John Podesta is currently serving as Counselor to the President. His duties include overseeing climate change and energy policy.
In 2008, he served as co-chair of President Obama’s transition team, where he coordinated the priorities of the incoming administration’s agenda, oversaw the development of its policies, and spearheaded its appointments of major cabinet secretaries and political appointees.
He is the former Chair of the Washington, D.C.-based think tank Center for American Progress and the Center for American Progress Action Fund. Prior to founding the Center in 2003, Podesta served as White House chief of staff to President William J. Clinton.
He also recently served on the President’s Global Development Council and the UN Secretary General’s High-Level Panel of Eminent Persons on the Post-2015 Development Agenda.
Additionally, Podesta has held numerous positions on Capitol Hill, including counselor to Democratic Leader Sen. Thomas A. Daschle (1995-1996).
A Chicago native, Podesta is a graduate of Knox College and the Georgetown University Law Center, where he is currently a visiting professor of law. He is the author of The Power of Progress: How America’s Progressives Can (Once Again) Save Our Economy, Our Climate and Our Country.
Maria Damanaki was active in the underground student opposition to the dictatorship in Greece (1970-1974). She played a leading role in the coordination of its activities. During the 3 days of the popular uprising against the dictatorship, known as "the Polytechneio revolt"(15-17/11/73), she was the speaker of the clandestine radio transmitter set-up inside the occupied National technical University of Athens. Her voice thus became known as "the voice of the uprising”.
Subsequently imprisoned by the dictatorship (November 1973- July 1974).
Member of Parliament elected continuously between 1977 and 1993). When first elected in 1977 at the age of 25, youngest Greek M.P. ever Vice-president of the Greek Parliament (1986-1990). First woman ever to be elected Vice-president of the Greek Parliament
President of the Coalition of Left and Progress (1991-1993). First woman ever to lead a Greek political party.
She was candidate for Mayor of Athens (1994 and 1998) and then head of the opposition in the City Council.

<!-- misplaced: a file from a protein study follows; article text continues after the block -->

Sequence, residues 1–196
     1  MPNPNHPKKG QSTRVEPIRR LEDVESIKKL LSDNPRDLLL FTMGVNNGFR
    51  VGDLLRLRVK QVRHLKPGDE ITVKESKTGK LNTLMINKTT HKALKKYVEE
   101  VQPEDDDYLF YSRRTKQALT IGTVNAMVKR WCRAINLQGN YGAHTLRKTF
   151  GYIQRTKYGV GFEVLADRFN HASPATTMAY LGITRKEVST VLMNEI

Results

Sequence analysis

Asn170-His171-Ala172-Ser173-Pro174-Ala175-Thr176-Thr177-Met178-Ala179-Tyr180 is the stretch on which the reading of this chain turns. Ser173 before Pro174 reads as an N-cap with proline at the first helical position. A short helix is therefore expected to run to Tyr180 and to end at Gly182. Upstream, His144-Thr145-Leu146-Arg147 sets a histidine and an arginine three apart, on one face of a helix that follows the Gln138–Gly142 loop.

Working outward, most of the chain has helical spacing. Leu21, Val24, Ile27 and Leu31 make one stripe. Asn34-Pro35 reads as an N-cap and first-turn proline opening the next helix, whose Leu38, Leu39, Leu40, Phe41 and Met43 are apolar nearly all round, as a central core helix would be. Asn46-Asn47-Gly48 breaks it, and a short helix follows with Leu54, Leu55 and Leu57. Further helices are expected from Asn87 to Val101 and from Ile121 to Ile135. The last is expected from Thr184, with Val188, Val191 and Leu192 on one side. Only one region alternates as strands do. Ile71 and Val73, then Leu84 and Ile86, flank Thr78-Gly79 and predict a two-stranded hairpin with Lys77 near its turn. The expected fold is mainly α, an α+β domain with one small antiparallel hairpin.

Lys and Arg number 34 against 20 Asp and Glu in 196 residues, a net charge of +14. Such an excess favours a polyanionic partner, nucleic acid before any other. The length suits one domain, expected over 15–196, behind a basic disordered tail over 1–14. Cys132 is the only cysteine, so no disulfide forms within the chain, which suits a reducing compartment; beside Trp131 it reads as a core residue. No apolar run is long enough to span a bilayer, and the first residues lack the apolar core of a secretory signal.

Member of Parliament (2000-2003). Head of the PASOK (Socialist Party) group in the Select Committees on Education and Culture. Member of the Parliamentary Assemblies of the Council of Europe, the Western European Union and NATO. Member of the Inter-parliamentary Union.
Member of the Political Council of PASOK, responsible for education (2004-2006), social affairs (2006-2007) and culture (2008-2009)
Sheldon Whitehouse, a member of the Senate Environment and Public Works Committee (EPW), plays a key role in crafting policies addressing environmental protection and climate change. In 2011, he joined with Democrats and Republicans to form the Senate Oceans Caucus to increase awareness of and find common ground on issues facing the oceans and coasts. The Caucus helped gain Senate approval of four international fisheries treaties that will prevent illegal, unreported, and unregulated fishing. Whitehouse has worked to boost federal support for fisheries science and cooperative fisheries research as well as efforts to improve transparency and efficiency in the commercial and recreational fisheries management process.
Senator Whitehouse has long advocated for a National Endowment for the Oceans, a dedicated funding source for ocean and coastal research and restoration. His efforts secured a new U.S. Army Corps of Engineers program for ocean and coastal resiliency projects. He has also led efforts to fund and reauthorize the Environmental Protection Agency’s National Estuaries Program to protect and study coastal habitats.